Although these animals may live in almost any habitat that provides them with sufficient prey, they do seem to prefer sites with a mix of mature deciduous and coniferous trees that are adjacent to waterways and open zones suitable for hunting. The trees provide the owls with high, concealed day-time roosts and also potential nesting sites. The great horned owl does not, however, build its own nest. Instead, it typically appropriates a suitably sized nest from other owls, crows, hawks, herons, or eagles. It may even take over a squirrel nest in a tree hollow (often after it has consumed the resident squirrels!). Crows are somewhat unique in that they often resist and may even defeat their eviction by a great horned owl. Great mobs of crows may gather to harass and even physically attack the invading owl often resulting in its expulsion from the crow's nesting site. The great horned owl prefers nest sites that are well concealed in dense vegetation or sometimes even wedged onto unapproachable cliff sides or hidden inside caves.

Reproduction and Life Span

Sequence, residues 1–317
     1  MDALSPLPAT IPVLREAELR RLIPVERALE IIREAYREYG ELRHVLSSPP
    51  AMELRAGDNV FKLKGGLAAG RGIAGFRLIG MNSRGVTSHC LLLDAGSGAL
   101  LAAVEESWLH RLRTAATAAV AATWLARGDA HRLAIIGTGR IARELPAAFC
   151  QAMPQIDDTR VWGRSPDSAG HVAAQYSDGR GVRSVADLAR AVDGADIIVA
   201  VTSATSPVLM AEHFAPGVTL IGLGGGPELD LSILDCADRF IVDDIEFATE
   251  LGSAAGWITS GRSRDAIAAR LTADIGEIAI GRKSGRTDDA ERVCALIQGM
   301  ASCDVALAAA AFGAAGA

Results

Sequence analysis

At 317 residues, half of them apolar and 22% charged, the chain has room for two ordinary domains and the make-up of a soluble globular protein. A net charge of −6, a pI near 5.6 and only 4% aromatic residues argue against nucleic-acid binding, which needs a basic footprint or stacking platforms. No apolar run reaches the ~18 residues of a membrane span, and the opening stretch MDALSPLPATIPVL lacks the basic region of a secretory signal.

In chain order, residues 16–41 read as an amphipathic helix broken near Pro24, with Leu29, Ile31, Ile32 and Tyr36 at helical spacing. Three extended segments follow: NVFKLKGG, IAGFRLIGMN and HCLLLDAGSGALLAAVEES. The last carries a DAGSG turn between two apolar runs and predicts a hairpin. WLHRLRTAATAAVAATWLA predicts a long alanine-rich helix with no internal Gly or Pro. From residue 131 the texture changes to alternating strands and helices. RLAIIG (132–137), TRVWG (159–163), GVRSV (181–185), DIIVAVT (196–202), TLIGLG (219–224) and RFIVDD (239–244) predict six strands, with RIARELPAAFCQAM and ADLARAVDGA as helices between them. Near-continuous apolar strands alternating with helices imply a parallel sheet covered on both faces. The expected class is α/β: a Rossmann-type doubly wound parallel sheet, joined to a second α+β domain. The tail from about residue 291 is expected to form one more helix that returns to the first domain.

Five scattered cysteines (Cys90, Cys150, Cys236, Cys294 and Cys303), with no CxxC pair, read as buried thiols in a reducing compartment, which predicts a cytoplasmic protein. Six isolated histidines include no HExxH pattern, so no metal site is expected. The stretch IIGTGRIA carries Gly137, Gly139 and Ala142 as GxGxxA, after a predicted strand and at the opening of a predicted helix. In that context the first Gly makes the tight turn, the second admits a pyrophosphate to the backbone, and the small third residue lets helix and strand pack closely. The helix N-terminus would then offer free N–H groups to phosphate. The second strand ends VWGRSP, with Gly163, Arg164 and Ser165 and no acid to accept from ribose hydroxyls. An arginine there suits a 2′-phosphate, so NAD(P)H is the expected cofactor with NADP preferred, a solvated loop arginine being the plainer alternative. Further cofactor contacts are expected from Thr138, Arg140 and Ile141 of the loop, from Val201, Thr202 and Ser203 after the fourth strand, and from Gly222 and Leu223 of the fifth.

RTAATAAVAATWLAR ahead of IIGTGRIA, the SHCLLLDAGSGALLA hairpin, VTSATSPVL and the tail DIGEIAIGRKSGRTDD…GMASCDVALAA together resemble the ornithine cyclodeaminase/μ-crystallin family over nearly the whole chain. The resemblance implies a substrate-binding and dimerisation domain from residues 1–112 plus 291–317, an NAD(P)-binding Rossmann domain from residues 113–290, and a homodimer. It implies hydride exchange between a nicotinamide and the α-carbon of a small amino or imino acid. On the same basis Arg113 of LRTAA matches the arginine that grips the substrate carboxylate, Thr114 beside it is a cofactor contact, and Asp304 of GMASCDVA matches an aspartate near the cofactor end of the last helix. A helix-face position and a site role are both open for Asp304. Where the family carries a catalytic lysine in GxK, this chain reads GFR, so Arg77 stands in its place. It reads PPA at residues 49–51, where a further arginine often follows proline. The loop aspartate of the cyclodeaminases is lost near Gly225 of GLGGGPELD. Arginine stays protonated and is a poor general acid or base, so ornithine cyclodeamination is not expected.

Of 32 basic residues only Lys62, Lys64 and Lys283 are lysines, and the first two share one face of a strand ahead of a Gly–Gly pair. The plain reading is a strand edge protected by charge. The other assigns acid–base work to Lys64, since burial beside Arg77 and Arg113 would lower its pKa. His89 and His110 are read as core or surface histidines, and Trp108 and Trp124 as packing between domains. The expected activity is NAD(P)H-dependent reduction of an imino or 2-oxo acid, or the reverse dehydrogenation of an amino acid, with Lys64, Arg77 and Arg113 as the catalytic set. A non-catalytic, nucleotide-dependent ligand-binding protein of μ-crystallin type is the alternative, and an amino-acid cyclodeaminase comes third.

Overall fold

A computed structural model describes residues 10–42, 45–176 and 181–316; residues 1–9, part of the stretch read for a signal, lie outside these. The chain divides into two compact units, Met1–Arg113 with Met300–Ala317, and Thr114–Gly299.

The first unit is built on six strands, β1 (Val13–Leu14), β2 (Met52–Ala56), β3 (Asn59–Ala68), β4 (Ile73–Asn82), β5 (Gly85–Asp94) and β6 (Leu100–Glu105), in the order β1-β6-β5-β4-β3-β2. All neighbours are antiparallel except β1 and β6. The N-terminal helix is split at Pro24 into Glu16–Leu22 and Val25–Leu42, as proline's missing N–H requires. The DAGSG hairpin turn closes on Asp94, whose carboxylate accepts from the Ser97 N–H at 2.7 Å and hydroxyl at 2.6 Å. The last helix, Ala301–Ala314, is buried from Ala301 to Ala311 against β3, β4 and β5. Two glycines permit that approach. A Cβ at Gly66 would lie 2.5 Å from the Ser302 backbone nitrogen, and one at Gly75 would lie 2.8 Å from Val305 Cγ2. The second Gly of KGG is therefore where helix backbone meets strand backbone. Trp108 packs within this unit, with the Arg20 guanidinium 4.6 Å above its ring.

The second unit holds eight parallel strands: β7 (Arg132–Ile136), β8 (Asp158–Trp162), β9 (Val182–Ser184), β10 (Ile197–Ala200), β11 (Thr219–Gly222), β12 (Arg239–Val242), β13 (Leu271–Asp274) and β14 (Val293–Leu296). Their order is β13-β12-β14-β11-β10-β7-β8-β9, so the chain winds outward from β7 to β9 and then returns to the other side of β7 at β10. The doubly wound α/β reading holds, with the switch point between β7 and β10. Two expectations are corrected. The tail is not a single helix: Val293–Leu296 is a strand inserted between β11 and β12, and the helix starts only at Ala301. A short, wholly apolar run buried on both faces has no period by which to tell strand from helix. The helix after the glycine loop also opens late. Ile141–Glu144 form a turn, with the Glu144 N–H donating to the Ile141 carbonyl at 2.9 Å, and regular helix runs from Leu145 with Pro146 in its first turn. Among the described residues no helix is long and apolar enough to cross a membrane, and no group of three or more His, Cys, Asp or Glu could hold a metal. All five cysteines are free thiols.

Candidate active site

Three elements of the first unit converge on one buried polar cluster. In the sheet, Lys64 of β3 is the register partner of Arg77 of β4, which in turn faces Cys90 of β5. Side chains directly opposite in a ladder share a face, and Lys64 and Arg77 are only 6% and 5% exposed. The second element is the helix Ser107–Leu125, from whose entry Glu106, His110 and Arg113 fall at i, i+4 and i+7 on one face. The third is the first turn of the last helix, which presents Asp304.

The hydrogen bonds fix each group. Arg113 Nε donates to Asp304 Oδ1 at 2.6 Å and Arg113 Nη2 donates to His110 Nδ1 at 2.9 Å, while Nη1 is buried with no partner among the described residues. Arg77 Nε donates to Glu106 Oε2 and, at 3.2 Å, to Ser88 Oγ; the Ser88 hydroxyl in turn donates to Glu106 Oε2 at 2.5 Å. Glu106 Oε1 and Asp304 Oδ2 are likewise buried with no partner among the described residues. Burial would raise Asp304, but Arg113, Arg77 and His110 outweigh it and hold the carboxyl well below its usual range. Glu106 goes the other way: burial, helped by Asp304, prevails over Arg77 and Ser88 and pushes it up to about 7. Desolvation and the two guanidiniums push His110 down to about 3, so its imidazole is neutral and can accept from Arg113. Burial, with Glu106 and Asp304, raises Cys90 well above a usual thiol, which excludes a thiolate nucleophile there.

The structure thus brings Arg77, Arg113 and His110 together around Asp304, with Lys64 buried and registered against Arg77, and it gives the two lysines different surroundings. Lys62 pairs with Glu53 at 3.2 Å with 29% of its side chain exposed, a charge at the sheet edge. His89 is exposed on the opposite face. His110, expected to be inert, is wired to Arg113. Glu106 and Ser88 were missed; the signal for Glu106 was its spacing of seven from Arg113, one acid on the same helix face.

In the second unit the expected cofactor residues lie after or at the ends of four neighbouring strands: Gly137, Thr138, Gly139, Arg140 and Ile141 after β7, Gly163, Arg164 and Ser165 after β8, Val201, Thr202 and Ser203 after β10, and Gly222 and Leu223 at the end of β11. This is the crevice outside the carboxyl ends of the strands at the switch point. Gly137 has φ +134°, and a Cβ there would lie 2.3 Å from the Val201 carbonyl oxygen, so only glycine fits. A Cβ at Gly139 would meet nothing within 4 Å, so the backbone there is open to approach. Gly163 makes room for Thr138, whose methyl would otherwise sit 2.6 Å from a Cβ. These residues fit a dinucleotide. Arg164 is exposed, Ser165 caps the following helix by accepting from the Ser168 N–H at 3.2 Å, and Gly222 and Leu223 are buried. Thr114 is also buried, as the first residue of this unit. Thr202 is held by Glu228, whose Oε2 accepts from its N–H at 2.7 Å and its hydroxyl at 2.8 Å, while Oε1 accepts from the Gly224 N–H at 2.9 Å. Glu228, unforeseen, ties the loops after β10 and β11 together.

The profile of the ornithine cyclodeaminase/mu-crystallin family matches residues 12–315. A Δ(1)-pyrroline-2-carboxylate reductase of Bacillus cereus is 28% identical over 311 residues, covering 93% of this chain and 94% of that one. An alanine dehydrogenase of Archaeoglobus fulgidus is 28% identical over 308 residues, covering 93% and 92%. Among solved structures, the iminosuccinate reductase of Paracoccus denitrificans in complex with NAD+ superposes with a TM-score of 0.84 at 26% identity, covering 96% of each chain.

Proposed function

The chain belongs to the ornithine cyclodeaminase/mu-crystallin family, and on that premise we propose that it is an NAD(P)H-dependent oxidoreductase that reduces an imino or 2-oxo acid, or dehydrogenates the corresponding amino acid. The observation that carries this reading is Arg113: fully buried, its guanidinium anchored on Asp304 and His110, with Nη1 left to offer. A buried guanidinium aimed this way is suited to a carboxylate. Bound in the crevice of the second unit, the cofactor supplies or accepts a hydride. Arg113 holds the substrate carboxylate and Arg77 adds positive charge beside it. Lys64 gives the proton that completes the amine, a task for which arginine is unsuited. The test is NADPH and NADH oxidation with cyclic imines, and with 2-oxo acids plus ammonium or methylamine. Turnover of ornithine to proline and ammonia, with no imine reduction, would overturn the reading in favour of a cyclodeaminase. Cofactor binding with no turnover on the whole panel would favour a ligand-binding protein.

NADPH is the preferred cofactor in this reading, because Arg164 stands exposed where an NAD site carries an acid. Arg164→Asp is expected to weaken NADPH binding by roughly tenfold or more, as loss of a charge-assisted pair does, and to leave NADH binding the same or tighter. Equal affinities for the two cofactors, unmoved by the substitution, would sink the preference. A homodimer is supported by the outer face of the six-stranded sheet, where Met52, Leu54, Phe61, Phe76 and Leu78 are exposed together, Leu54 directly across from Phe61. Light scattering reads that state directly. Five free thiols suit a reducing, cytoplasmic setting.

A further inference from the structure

Breeding by great horned owls takes place as early as January and may continue on into the spring and summer. Females typically lay between 2 and 4 eggs and both males and females take turns incubating the clutch for the 26 to 35 days required for hatching. Both parents also feed and protect the nestlings and will continue to feed and nurture the fledglings throughout the summer. During this period of time the parents may even switch over to diurnal hunting activity in order to secure sufficient food for their offspring. The mated pair will remain together only during the nesting season and will then spend the remainder of the year apart as solitary hunters. There is a very high mortality rate among the young that continues over the first two years of life. Starvation, accidents, and predation (often by other great horned owls!) greatly reduce the numbers of surviving young. A great horned owl that makes it through these early years of life, though, has a good chance of living quite a long life. In the wild, life spans of 13  years are not uncommon and in captivity, some birds have been said to live for up to 30 years! A mature great horned owl has very few natural enemies (other than other great horned owls and, possibly, Northern Gosshawks) and is protected against legal hunting by both Federal and State laws. Human impacts on this species, though, can be fatal: illegal hunting and trapping, vehicular accidents, and electrocution on power lines are not uncommon fates for a great horned owl.